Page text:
Today’s post could also be titled: ‘Patience is a Virtue’, ‘Let It Sit’, or ‘Slow and Steady Wins the Race’. However I say it, I’m referring to a key part of the story process: letting the story rest.
So, you’ve finished your first draft. You take a break of a few days or a week, and that’s enough to allow you to recover from the final dash to the finish line. Then you’re champing at the bit to start revising.
*reins you in* Whoooa there. Just a minute, writer. Don’t start jumping hurdles and racing over the ground just yet.
Once you’ve finished your first draft, it’s best to force yourself to let it sit for a while. Walk away from it. Lock it in a deep, dark chest and ask someone else to hide the key. Tag the folder on your computer bright red to remind you to leave it alone. Hide it inside a folder with a warning name like Arrow Poison Frog, Rattlesnake, or Scorpion.
That’s all a liiiiiittle dramatic (writers are NEVER allowed to be dramatic, you say sternly… what planet are you from anyway????) but the motivation behind it is serious and vital to your writing health. This is even more important if you wrote a lot of words in a short time, for NaNoWriMo or any of the Camp NaNos or self-invented NaNos.
You need the mental and emotional distance that time and space bring. You might have a fabulous story. Maybe it will be a bestseller. Perhaps you wrote it very well and it won’t need much revising aside from the requisite rounds of edits + a proofread.
You can’t objectively decide this when your brain is still fresh from having written it and your heart is still in love with the story. You need time away from it to expand your perspectives and to give yourself a break. Otherwise, you’re running a twofold risk: a) not publishing as great of a book as you could, and b) burning out somewhere in the middle of the process.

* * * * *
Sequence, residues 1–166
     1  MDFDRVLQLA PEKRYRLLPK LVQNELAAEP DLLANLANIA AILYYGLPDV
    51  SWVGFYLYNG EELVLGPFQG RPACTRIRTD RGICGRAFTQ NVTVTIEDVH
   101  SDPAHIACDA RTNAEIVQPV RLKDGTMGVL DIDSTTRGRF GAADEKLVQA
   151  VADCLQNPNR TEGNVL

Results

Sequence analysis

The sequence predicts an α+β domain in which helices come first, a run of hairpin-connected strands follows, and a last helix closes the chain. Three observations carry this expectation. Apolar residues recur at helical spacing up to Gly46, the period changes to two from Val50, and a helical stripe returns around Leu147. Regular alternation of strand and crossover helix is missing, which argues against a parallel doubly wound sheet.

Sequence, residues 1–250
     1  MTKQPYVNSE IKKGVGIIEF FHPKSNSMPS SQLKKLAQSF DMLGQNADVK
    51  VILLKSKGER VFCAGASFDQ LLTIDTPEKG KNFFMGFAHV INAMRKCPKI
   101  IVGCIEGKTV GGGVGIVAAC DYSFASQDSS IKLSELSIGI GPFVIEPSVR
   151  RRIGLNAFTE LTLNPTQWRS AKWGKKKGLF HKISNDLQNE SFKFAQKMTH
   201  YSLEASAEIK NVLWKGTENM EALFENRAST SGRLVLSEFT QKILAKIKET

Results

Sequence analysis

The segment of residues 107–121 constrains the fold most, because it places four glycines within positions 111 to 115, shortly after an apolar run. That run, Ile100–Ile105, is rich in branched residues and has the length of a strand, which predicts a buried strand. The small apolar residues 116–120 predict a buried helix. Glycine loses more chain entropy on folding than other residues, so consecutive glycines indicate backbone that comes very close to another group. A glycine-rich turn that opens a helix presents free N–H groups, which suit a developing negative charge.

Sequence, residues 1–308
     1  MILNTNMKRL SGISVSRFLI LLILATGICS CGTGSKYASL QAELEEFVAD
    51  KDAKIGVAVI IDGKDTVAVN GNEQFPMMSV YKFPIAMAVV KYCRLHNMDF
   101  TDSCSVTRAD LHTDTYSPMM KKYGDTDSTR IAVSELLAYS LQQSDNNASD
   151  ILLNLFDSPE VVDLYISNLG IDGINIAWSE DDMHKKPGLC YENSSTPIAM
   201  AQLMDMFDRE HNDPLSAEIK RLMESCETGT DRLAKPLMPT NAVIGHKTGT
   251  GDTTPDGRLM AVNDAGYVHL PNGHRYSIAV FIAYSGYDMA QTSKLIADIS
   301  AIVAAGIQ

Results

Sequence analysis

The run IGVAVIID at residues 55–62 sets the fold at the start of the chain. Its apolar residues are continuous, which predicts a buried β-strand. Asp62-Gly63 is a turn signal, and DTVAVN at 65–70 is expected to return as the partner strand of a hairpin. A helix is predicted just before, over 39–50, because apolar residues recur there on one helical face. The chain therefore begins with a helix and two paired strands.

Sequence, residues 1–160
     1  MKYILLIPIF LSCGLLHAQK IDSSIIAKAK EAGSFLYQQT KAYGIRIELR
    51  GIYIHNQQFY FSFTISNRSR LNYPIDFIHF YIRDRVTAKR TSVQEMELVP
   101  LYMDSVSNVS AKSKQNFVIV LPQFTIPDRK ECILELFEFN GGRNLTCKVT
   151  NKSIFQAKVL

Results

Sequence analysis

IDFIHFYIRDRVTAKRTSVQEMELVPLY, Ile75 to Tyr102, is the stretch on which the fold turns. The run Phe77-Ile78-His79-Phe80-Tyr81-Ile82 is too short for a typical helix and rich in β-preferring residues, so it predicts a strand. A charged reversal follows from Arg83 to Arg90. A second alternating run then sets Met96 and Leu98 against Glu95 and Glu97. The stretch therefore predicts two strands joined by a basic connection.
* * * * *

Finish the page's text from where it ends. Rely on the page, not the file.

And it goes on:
But what do I do in the meantime?!
Read books – lots of books in various genres and types. Watch movies. Catch up on your favorite TV series. Go out with friends and interact in the real world. Write other things, whether another book (or two), a short story, poetry, an essay, or a bunch of blog posts.
Taking in other fiction and interacting in the real world start your brain thinking along different lines than when it’s locked into story mode. Writing other things shifts the writing gears into other speeds, which will stretch your mind and (writing) muscles.
When you do go back to the story, you’ll come back with a different perspective. You’ll be able to examine the story more critically and objectively. Sometimes you’ll find out that you could say something better, or hide a twist differently, or that you don’t really need that subplot after all.
How long do I have to let it sit?
I recommend at least a month, though I think three months is best. For myself, I prefer a period of 3-6 months. I need that much time to distance myself from all the overthinking that happens after I’ve finished the book and to let everything gel properly.
If you have trouble sitting on yourself that long, ask a friend or family member to help keep you accountable, including locking you out of the house or clobbering you over the back of the head, if that’s what it takes to keep you away from it. (Violence is bad, kids, which is why we call this… discipline.)
When do I know it’s time to go back?
If you think you’re ready to get back to it, you probably aren’t.
You need to KNOW without a shadow of a doubt that not only are you ready, but you’re able to commit again for the whole time. It needs to have been pushing on you again for a while, nagging at you, not letting you go, feeling almost the same way it did when you started writing it (it won’t be exactly the same because revising is never exactly like first drafting, but close).
Waiting until it’s this urgent usually prevents you from being 1/3 the way through and discovering that you actually aren’t ready and it has to sit longer.
Personally, I also advise letting a story sit after its major revision (if it needs one) for about a month before beginning edits (if edits were not a part of the revision) or the publishing process.
This advice mostly targets novice and amateur writers. Experienced writers with many years + books under their belts will often have to do less of this. Also, this doesn’t apply to authors who have a publisher’s deadline looming. To you, I say: ‘best wishes’… possibly accompanied by a pitying maniacal smile.
Have you practiced letting a manuscript sit before? How long did you wait before diving back into it? Did you see a difference in the way you approached it after a longer rest?
Merry Writing… and may all of your books come out the stronger for having been in time-out!